Stablecoins: What Are They? How Do They Work? Types, Comparisons And More

By Stephen Carter


Reviewed by: Stephen Carter



Stablecoins have been available in the market for over a decade now. As the name suggests, stablecoins were introduced to the world in 2014, as a stable alternative to the highly volatile and fluctuating traditional cryptocurrencies.

As we all know, nothing stays constant in the world of cryptocurrencies. The value of a cryptocurrency sways so dramatically that it is usually not preferred as a means of usual transactions. And here comes stablecoins. On paper, it is a digital currency like cryptocurrencies but a less volatile one.

According to recent reports, the stablecoin market is growing rapidly with 27.5 million active users and the number of stablecoin transactions is also increasing.

Today, there are about 200 stablecoins available in the market. Some of the popular ones include Tether (USDT), Dai, USD Coin (USDC), and Binance USD (BUSD).

In this article, we will discuss what stablecoins are, how they work, categories, and more to understand the importance of stablecoins and why you should know about them. So, without further delay, let’s get into the crux of the matter.

What Are Stablecoins?

Stablecoins are a type of cryptocurrency pegged to any physical asset of value. Typically stablecoins are tied with fiat currencies or commodities, but you may also find some that are tied to other cryptocurrencies.


This means that the value of the stablecoins is fixed according to the assets they are tied to. For instance, USDT – one of the most popular stablecoins in the market is tied to the US dollar. Each token of USDT has a value of $1 at all times.

In essence, it will take out the volatility that traditional cryptocurrencies are famous for and serve as a reliable payment method for goods and services.

While stablecoins might not excite professional traders who make a profit by making quick decisions according to market trends, they serve as a stable digital asset in the long run.

That being said, stablecoins are not actually “stable” There have been instances where stablecoins lost their peg with the commodities they are tied to. The most famous example is of course the very first stablecoin introduced to the market – BitUSD. It lost its peg to the US dollar within four years of its launch and never recovered.

So, it needs careful consideration and an-in-depth knowledge about different kinds of stablecoins, before hurrying to be an early adapter and investing in stablecoins.

How Do Stablecoins Work?

A stablecoin is a cryptocurrency pegged to a real-life currency such as USD, Euro, and Australian Dollar, or commodities such as gold and oil.

This pegging is what makes these kinds of cryptocurrencies more stable than other cryptocurrencies like Bitcoin (BTC), and Ethereum (ETH). Let’s see how stablecoins work, by diving into the technical aspects of the concept for a bit.

Like cryptocurrency, stablecoins are digital assets that are created and monitored by a private entity. It is only available in the digital space, but you can exchange it for other assets or cash it out to your bank account.

The private entities issue a stablecoin and store either commodities or currencies of the same value, this is the ‘pegging’ or tying process.

If the stablecoin is pegged to dollars, the issuer will hold the value of the tokens issued, in dollars. This means that the stablecoins will hold their value in the long run regardless of external factors.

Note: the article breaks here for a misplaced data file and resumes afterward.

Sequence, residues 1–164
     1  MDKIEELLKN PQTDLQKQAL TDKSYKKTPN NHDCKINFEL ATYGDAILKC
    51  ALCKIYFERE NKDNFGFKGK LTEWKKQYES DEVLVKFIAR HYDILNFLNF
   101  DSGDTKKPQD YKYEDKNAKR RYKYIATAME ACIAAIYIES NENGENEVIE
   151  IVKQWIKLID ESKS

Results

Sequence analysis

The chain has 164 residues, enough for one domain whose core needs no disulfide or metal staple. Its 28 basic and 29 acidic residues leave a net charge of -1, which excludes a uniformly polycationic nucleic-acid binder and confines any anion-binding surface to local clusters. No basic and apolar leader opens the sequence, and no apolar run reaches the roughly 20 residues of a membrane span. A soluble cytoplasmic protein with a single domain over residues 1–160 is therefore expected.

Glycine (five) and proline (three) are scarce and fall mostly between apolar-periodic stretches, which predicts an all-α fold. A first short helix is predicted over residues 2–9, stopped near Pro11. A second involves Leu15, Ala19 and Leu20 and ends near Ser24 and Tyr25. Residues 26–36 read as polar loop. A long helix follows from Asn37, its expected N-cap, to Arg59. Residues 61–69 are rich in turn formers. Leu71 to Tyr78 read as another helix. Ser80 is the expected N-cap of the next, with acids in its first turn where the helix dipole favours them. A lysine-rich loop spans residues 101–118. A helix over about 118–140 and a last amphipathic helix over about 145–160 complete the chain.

You can own stablecoins and store them on digital wallets protected by multi-factor authentications. In addition to storing, these crypto wallets may also allow you to transfer and receive stablecoins.

You can use stablecoins as a means of exchange for commodities and services, or invest it to make a profit out of it.

Why Are Stablecoins So Important? Why Are They Gaining Popularity?

To learn the importance of stablecoin, we should know the fundamental flaw of cryptocurrency. Being a digital currency, that has no ties to any real-world assets, its value fluctuates to its demand

The more the demand, the higher the value, and vice versa. This makes it almost impossible to predict who will benefit from a cryptocurrency transaction, the buyer or the seller.

The closing value of Bitcoin in March 2024 was more than seventy thousand dollars, but it went down to $63,755.32 in just 26 days. So, if a person has exchanged a real-life asset for Bitcoin and held on to it without cashing, he would’ve lost nearly a thousand dollars. You may also remember the story of Lazlo Hanyecz, who spent 10,000 Bitcoins just for two Papa John’s pizzas.

This is where the importance of a stablecoin lies. Due to its nature of holding its value, in the long term, it can be used as a means of transactions such as purchases or compensation for service.

While the value of a cryptocurrency may fluctuate about 10% within an hour, even a 1% variation is rare in fiat currencies and stablecoins.

While the concept of stablecoins is relatively new to the world, its popularity is growing for these reasons:

1. Ease of use

Unlike cryptocurrencies, stablecoins are easy to use in day-to-day life. It can be transferred quickly, and securely, because they can be accessed from anywhere, with internet access. Additionally, the stablecoins have a smaller transaction fee in comparison.

2. Acceptance

With stablecoins, you will be able to purchase other cryptocurrencies of your choice. This is especially helpful if the particular cryptocurrency you are interested in does not accept the transaction with the fiat money of your country.

3. Accessibility

The stablecoins are more accessible than other cryptocurrency counterparts. You can purchase stablecoins with almost all of the major hard currencies in the world.

4. Low risks

Since stablecoins are far less volatile and hold their value than other cryptocurrencies. Many people prefer using stablecoins as a long-term investment and for everyday transactions.